Creating a water-smart garden will help your plants cope with hot and dry periods and water restrictions. Passive design with plants can help reduce your heating and cooling bills, while also saving water and reducing your water bills as well. It will also provide habitat to encourage birds and insects into your garden.
Here is a complete guide for you to help you create your own water-smart garden:
- Understand your garden: The very first and major step is to understand your garden and any plants that are already there. Identify which types of plants grow well in which positions. Work out which areas are shaded as the soil here could be better at staying moist. Take a walk around your area and observe what plants are flourishing. Do some research and get information and advice. Talk to local gardeners and plant nurseries to learn about which plants thrive in your local area.
- Design your garden: Since most of the lawns require a lot of water. Thus, considering reducing your lawn area is a wise idea. Investigate drought-adapted grass varieties for lawns that will require less water. Think about minimizing paved areas or keep paving separate from plants that need moist soils. Hard surfaces, paving or concrete, can heat up and dry out nearby soils as well as cast off rather than absorb rainwater. Group plants that have similar watering requirements. This will help you to give your plants the correct amount of water at the right time.
- Improve your soil: Test your soil and consider improving it if needed. Different soils have different abilities to hold water which can affect plant health. Your local garden centres might provide advice or free soil testing to help you work out what kind of soil you have and how you can improve it.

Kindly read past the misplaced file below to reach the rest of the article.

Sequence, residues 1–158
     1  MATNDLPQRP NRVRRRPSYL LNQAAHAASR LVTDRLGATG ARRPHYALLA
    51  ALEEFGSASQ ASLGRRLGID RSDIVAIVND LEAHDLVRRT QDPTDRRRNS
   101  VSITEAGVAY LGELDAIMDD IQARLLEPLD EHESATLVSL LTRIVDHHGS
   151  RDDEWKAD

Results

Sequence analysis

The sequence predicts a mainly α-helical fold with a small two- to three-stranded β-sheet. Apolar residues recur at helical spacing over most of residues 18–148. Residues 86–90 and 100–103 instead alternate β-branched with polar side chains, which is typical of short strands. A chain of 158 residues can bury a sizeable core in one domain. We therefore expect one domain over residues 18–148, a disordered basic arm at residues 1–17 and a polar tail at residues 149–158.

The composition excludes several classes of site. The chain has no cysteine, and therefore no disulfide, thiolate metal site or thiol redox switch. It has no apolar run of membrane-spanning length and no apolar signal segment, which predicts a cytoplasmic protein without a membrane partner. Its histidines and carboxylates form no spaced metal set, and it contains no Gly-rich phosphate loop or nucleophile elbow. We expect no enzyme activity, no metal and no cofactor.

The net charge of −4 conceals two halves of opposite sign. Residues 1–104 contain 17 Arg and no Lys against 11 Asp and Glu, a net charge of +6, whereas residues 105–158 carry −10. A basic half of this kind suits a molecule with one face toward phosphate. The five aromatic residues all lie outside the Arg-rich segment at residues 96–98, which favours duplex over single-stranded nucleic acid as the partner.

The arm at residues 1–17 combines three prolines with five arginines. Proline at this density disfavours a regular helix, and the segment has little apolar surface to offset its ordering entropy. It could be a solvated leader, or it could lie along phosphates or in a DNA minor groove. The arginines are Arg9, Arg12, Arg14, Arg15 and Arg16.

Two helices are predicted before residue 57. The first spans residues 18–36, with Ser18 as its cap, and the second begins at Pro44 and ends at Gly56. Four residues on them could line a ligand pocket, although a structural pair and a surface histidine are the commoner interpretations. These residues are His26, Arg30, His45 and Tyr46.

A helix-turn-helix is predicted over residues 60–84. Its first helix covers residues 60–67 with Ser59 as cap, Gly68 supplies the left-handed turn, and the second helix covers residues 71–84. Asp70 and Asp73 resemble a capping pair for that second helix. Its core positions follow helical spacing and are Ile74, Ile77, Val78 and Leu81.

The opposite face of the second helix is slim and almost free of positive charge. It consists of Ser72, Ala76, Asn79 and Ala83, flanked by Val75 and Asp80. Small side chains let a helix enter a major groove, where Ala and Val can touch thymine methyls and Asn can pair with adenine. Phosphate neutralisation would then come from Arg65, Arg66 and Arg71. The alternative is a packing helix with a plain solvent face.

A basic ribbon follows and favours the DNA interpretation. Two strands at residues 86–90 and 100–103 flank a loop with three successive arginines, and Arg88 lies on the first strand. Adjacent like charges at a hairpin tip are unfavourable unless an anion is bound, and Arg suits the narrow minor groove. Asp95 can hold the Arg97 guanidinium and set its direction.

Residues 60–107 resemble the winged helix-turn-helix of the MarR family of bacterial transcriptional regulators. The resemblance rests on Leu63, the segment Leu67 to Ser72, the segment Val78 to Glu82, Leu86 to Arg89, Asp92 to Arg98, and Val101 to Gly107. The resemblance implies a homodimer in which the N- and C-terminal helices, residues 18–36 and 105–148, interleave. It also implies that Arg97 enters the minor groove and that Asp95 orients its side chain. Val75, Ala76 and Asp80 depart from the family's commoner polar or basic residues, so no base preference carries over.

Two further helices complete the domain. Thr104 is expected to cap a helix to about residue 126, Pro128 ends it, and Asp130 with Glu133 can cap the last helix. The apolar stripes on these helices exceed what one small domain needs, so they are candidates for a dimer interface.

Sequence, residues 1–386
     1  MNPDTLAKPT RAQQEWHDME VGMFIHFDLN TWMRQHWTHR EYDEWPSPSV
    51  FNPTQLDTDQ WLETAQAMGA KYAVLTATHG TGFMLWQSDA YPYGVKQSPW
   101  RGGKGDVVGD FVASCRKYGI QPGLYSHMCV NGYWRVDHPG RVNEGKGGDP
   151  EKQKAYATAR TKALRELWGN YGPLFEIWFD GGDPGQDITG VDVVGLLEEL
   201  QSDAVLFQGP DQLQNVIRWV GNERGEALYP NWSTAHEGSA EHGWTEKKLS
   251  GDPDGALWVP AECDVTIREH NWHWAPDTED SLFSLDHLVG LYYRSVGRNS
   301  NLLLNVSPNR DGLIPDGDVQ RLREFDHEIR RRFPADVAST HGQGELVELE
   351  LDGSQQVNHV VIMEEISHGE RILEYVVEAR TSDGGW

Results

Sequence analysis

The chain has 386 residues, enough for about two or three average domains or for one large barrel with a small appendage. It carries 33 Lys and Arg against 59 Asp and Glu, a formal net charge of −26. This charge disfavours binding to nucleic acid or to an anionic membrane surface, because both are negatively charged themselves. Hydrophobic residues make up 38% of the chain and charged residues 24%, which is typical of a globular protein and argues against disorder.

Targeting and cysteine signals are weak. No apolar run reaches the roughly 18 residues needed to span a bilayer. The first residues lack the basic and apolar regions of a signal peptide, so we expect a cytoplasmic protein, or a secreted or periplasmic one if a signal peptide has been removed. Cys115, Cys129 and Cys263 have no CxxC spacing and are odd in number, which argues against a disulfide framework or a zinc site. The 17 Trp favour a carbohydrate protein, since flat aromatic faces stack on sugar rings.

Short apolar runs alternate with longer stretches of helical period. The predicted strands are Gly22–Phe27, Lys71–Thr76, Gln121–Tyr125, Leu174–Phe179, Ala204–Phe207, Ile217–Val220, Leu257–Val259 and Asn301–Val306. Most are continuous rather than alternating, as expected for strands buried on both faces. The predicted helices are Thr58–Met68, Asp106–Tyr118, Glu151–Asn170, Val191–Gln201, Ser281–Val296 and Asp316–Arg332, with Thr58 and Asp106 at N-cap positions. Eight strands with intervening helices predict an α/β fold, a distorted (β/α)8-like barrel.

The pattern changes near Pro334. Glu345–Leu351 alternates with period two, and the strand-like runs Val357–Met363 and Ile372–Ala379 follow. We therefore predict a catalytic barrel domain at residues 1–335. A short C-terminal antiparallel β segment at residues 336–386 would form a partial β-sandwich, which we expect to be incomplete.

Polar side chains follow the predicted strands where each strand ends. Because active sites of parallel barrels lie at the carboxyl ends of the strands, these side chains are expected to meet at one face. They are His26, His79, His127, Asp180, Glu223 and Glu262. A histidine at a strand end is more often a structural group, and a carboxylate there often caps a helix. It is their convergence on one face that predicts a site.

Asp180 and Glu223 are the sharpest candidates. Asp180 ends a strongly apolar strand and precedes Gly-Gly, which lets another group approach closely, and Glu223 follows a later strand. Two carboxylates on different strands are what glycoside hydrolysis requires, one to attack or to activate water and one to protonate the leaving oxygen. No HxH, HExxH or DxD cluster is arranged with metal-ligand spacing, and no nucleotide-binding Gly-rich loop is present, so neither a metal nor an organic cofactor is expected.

- Choose your plants: Select plants that suit your particular soil and garden conditions. Find out what native plants occur naturally (indigenous plants) because they will already be suited to your local area. In case you are using plants from another country, then choose plants that are already adapted to limited water supplies.
- Create a water-wise lawn: If you want a grassy area, ask your nursery about the grasses that do well in low water conditions for your area. Also see if you can get a variety that doesn’t require much fertilizing. You can reduce the amount of water that your lawn needs by setting your mower to cut at four centimetres or higher. This will encourage a deeper root system. Consider a greywater system or a rainwater tank if you need to water your lawn.
- Mulch your garden: Mulching is a crucial part of a water-efficient garden. It helps to keep moisture in your soil and helps reduce weeds. There are lots of different types of mulch available such as leaves, grass clippings, tan bark, straw and wood chip. Some mulch breaks down faster in comparison to others and can be useful to improve your soil.
For more information, you can call on Thames Water Contact Number and get in touch with its dedicated team.